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Gymnastics Practice: It’s the Pits!

When you see Aly Raisman do a roundoff, one and a half step-out, roundoff back handspring, arabian double front punch layout that landed her squarely on her feet at the opening of the 2016 Olympics, things didn’t always go that smoothly. Ask her. She’ll tell you she’d been training that pass since she was 14.

Gymnasts learn their skills in progressions which are sequences of increasingly more difficult components. Until a skill is perfected, the landing isn’t going to be successful, graceful or safe. Until that landing is all 3 of those things, most importantly safe, gymnasts point the ends of their tumbling passes (bar combos, rings, vaults, beam routines, etc.) into what is known as a gymnastics pit.

A gymnastics pit is essentially a hole in the ground with a bunch of cushiony stuff thrown in to soften an imperfect landing. Technically speaking, however, it’s a bit more complex. Let’s talk about that!

Before you dive into the pit headfirst (which no one should ever do, by the way), you’ll want to think a bit on what you want to train into it and where you want to put it, so that it fits organically into the training flow of your gym. When doing this thinking be sure to plan ahead!

TENOByGMR-FaceBook-2Digging holes in your gym and filling them up with building code compliant concrete is not exactly cheap. You’ll want to think of your facility’s future and build a pit that incorporates as much training activity as possible into each pit and accommodate all levels of your athletes, keeping in mind that larger gymnasts travel farther.

That brings us to a very important topic! Building codes!

All sorts of building regulations govern the construction and use of a facility that pertain to fire, mechanics, plumbing and general construction — just to name a few. While we can help you buy and install a high quality gymnastics pit system, we can’t offer you a complete and code compliant road map to construction of the concrete pit itself.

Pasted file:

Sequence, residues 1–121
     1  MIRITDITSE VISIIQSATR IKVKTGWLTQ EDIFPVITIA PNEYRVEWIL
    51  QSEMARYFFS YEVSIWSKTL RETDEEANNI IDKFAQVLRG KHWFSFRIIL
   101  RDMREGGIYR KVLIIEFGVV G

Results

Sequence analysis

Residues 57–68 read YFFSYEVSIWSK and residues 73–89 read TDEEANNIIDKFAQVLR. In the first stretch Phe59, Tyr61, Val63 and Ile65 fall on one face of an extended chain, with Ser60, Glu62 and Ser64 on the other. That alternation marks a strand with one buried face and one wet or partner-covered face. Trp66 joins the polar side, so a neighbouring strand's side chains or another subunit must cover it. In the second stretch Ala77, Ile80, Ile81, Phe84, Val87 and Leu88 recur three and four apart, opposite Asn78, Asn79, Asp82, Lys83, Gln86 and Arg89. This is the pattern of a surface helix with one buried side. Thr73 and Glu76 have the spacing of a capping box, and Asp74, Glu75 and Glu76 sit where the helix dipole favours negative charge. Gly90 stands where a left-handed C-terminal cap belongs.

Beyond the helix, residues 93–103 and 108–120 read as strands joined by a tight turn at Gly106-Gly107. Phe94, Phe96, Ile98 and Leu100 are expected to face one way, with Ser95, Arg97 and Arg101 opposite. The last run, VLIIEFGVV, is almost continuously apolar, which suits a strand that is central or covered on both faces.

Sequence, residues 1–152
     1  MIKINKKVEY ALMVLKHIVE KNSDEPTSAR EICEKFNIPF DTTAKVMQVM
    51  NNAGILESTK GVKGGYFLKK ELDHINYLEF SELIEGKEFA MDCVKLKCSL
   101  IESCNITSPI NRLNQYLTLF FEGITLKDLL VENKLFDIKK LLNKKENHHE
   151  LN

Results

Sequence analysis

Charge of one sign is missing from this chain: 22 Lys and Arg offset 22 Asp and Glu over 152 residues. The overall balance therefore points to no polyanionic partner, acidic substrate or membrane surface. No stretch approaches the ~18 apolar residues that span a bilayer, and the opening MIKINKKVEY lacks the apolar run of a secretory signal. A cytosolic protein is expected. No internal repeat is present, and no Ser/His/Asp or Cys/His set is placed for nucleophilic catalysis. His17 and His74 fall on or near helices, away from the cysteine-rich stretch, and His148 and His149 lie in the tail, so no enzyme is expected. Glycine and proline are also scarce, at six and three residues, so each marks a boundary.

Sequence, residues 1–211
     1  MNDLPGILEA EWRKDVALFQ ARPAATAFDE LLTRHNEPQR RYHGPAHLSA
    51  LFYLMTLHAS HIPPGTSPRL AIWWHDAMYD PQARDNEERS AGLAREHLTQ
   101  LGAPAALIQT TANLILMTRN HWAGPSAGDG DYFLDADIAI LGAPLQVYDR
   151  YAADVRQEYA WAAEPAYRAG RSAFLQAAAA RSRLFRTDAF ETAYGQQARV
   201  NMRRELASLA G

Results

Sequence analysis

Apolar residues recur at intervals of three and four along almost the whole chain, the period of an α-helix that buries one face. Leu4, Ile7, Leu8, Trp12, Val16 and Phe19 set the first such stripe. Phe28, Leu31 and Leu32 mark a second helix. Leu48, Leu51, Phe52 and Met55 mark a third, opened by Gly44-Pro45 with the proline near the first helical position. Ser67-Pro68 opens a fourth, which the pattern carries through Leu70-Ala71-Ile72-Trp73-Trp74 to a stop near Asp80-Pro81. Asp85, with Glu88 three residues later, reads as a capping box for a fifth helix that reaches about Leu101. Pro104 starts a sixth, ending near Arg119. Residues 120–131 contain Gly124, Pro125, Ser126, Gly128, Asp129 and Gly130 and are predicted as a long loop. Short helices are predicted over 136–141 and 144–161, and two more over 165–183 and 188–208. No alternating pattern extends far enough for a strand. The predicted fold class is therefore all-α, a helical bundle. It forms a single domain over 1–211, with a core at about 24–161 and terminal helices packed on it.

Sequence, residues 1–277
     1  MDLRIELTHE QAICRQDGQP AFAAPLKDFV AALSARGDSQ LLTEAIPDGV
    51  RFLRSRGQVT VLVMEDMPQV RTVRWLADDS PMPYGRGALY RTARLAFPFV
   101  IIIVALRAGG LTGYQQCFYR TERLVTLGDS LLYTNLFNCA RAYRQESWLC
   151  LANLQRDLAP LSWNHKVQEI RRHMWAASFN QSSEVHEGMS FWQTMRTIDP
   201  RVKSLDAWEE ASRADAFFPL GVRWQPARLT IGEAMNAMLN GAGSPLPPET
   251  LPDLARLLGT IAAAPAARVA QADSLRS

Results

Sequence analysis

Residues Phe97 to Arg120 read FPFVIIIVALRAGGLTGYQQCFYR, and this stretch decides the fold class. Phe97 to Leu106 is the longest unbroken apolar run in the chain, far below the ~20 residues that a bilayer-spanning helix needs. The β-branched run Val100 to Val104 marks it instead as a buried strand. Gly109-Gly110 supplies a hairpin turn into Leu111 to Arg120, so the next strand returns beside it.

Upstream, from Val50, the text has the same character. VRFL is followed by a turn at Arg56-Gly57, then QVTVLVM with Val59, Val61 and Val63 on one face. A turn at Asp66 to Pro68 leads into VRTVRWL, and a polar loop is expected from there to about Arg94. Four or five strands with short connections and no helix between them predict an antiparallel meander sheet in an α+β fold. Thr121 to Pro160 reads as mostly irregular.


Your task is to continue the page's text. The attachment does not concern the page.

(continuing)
However, to help you research what’s right for your facility we would like to offer you a couple of links to get you started:

Building codes used to vary more widely across municipality, but efforts to adopt more standardized codes have taken affect across the US. Almost all areas in the US have chosen to adopt and enact locally relevant model codes. (hot link: https://en.wikipedia.org/wiki/Model_building_code)  which are based upon the International Building Code (hot link: https://en.wikipedia.org/wiki/International_Building_Code). This site offers a search engine database that’s broken down by state and sometimes local municipality: http://www.constructconnect.com/building-codes/#

We would urge you to triple check with your local authorities to ensure that your facility meets any applicable standards under law both for the safety of your athletes and the legal and liability well-being of your gym or club.

So that the pit system can be installed properly, safely and work effectively, general wisdom holds that you will want to have the concrete work done by a code compliant, licensed professional contractor who knows how to waterproof a subfloor or basement. We strongly advise that you don’t dig it yourself… don’t just go with your buddy that can mix concrete… use concrete and dirt to spec, preferably a concrete that can withstand 3,500psi soil bearing capacity… Be sure and get a permit!